Small Gods
Terry Pratchett

Terry Pratchett

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Small Gods

Copyright © 1992 by Terry and Lyn Pratchett

Now consider the tortoise and the eagle.

The tortoise is a ground-living creature. It is impossible to live nearer the ground without being under it. Its horizons are a few inches away. It has about as good a turn of speed as you need to hunt down a lettuce. It has survived while the rest of evolution flowed past it by being, on the whole, no threat to anyone and too much trouble to eat.

And then there is the eagle. A creature of the air and high places, whose horizons go all the way to the edge of the world. Eyesight keen enough to spot the rustle of some small and squeaky creature half a mile away. All power, all control. Lightning death on wings. Talons and claws enough to make a meal of anything smaller than it is and at least take a hurried snack out of anything bigger.

And yet the eagle will sit for hours on the crag and survey the kingdoms of the world until it spots a distant movement and then it will focus, focus, focus on the small shell wobbling among the bushes down there on the desert. And it will leap . . .

And a minute later the tortoise finds the world dropping away from it. And it sees the world for the first time, no longer one inch from the ground but five hundred feet above it, and it thinks: what a great friend I have in the eagle.

And then the eagle lets go.

And almost always the tortoise plunges to his death. Everyone knows why the tortoise does this. Gravity is a habit that is hard to shake off. No one knows why the eagle does this. There’s good eating on a tortoise but, considering the effort involved, there’s much better eating on practically anything else. It’s simply the delight of eagles to torment tortoises.

But of course, what the eagle does not realize is that it is participating in a very crude form of natural selection.

One day a tortoise will learn how to fly.


Great beginnings

Things just happen, one after another. They don’t care who knows. But history . . . ah, history is different. History has to be observed. Otherwise it’s not history. It’s just . . . well, things happening one after another.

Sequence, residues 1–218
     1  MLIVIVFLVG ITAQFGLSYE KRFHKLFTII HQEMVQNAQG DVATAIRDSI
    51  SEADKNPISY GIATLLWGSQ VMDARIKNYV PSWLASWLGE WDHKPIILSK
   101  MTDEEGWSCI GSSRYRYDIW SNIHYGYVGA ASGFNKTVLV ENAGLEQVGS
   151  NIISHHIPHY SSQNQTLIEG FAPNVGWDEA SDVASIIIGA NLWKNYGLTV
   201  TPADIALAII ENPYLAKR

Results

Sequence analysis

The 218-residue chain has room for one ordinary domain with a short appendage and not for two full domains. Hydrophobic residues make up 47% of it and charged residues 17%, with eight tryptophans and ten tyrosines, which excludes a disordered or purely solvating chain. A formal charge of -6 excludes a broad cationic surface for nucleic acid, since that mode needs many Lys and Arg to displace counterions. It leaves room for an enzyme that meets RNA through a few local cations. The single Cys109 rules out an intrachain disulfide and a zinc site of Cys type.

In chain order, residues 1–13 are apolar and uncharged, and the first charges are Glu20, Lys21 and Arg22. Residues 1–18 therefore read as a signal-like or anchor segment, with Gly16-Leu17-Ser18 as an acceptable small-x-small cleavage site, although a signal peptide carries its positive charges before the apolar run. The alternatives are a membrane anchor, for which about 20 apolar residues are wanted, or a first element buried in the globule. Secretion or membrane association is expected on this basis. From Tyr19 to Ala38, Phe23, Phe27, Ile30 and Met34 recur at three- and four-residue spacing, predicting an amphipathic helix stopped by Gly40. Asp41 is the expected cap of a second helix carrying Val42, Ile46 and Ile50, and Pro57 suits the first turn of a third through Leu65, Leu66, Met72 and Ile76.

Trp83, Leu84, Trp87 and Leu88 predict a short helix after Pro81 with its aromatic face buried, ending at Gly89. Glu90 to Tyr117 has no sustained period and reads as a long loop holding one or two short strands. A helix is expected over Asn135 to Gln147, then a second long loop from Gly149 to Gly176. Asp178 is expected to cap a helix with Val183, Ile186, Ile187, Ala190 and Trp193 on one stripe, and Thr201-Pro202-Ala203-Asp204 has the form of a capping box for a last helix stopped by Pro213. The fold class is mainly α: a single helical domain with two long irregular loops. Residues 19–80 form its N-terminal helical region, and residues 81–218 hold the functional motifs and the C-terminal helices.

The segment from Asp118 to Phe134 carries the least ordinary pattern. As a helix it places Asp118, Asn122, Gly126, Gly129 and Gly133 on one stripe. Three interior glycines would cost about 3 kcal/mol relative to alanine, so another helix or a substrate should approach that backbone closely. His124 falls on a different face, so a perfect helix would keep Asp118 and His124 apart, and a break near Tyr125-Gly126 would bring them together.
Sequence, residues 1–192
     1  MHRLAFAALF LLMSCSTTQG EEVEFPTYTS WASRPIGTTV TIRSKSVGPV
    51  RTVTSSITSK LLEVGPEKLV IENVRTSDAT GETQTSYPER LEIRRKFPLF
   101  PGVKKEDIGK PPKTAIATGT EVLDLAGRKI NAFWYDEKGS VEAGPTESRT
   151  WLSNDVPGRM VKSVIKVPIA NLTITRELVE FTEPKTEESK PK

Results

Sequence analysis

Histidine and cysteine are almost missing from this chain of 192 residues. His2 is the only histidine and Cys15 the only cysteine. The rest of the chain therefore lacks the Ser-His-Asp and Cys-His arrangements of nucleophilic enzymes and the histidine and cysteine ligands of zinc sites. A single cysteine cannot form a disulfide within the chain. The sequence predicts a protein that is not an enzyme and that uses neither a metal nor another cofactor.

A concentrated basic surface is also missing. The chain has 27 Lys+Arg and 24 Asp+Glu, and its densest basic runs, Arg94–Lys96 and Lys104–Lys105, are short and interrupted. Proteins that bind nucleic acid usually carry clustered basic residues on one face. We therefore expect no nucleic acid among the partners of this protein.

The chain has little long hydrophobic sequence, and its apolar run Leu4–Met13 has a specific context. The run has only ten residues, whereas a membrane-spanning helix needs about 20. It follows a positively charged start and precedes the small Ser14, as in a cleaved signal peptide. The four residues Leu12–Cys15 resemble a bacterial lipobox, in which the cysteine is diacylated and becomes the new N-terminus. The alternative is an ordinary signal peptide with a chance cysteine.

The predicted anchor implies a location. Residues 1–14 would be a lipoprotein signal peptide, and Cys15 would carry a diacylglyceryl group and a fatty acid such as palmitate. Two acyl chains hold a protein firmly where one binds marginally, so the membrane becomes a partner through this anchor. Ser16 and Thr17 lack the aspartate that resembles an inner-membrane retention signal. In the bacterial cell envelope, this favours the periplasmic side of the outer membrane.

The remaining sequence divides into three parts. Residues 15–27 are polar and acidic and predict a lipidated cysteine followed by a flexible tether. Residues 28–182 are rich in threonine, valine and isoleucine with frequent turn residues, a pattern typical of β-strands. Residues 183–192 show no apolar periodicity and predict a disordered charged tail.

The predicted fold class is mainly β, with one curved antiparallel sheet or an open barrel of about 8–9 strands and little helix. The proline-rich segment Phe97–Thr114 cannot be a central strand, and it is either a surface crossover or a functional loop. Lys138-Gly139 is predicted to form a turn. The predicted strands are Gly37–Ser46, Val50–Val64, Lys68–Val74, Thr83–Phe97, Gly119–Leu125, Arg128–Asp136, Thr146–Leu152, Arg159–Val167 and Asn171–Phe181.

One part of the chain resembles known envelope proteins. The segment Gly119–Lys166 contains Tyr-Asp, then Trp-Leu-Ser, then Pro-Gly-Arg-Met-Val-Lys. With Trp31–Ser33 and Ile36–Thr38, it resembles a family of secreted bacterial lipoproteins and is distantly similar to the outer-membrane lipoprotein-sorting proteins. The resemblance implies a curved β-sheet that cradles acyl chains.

These aren’t books in which the events of the past are pinned like so many butterflies to a cork. These are the books from which history is derived. There are more than twenty thousand of them; each one is ten feet high, bound in lead, and the letters are so small that they have to be read with a magnifying glass.

When people say “It is written . . .” it is written here.

There are fewer metaphors around than people think.

That was the reliable thing about the Church of the Great God Om. It had very punctual prophets. You could set your calendar by them, if you had one big enough.

And, as is generally the case around the time a prophet is expected, the Church redoubled its efforts to be holy. This was very much like the bustle you get in any large concern when the auditors are expected, but tended towards taking people suspected of being less holy and putting them to death in a hundred ingenious ways. This is considered a reliable barometer of the state of one’s piety in most of the really popular religions. There’s a tendency to declare that there is more backsliding around than in the national toboggan championships, that heresy must be torn out root and branch, and even arm and leg and eye and tongue, and that it’s time to wipe the slate clean. Blood is generally considered very efficient for this purpose.